This 32 year old recreational player presented with right sided chest wall pain. He thought that this might have been related to training in the gym however he could not recall any definitive precipitant. The pain was quite diffuse and was felt from the axilla to the anterior chest wall. The pain was mechanical in nature (made worse by activity but improved by rest). He was otherwise healthy.
The only clinical examination finding of note was of localised tenderness about the sternocostal region on the right.
An x-ray series of the chest wall was normal. Given the diffuse nature of the player’s pain a SPECT, rather than an MRI scan, was arranged. Focal uptake is seen at the right anterior costochondral margin involving the anterior fourth rib. There is no discrete bony abnormality seen in this region on the corresponding CT images. These appearances suggest Tietze’s syndrome. There is normal rib uptake seen elsewhere and no other significant radiological abnormality.
A working diagnosis was made of Tietze’s syndrome based on clinical findings, these radiological findings and a mildly elevated CRP. Other blood markers were normal. After discussion about the treatment options this player declined a steroid injection and opted to manage his problem with NSAID and local treatments. His symptoms improved significantly over a three-month period.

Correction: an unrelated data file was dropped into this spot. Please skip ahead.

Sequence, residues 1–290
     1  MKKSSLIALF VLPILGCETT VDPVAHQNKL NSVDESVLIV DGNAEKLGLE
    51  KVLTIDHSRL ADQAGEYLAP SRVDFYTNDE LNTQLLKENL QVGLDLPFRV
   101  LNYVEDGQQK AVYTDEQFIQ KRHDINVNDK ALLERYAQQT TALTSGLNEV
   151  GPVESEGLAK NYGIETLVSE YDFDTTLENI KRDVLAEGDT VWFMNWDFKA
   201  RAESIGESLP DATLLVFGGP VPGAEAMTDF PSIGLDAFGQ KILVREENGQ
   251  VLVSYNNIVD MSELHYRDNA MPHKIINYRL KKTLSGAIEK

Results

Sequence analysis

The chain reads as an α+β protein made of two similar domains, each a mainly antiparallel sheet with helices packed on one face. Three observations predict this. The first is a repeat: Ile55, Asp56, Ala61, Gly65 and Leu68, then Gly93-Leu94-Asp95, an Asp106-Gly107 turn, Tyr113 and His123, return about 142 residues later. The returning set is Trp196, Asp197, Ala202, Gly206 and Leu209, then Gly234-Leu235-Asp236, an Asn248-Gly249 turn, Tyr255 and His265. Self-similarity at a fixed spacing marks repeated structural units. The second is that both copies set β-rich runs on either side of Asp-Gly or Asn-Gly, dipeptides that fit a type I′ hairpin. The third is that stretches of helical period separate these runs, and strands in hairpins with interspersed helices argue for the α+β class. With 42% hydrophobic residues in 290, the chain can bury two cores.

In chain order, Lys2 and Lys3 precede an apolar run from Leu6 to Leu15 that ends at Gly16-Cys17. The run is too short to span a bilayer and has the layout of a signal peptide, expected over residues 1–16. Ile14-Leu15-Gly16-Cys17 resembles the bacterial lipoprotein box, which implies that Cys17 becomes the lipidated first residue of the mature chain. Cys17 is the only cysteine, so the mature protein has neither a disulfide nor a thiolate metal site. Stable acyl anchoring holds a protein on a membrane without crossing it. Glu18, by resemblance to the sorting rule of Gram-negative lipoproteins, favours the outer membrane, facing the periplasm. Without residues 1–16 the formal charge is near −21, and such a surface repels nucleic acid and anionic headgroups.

Tietze’s syndrome is a benign, self-limiting disorder that usually involves either the sternocostal, sternoclavicular or costochondral joints. The 2nd and 3rd costochondral joints are the most common sites. In the majority of cases it is unilateral, with only one joint being affected. Most of the reported cases are associated with either unaccustomed exercise, excessive coughing or vomiting or a direct blow to the affected area. On examination there is frequently evidence of local inflammation and localised tenderness over the affected joint. Imaging studies such as ultrasound, scintigraphy or MRI can be used the confirm the presence of joint swelling and can exclude other conditions. Costochondritis presents with similar symptoms. In contrast to Tietze’s syndrome this condition generally involves multiple joints (usually the 2nd to 5th costochondral joints) and is less likely to be associated with local inflammation and swelling.
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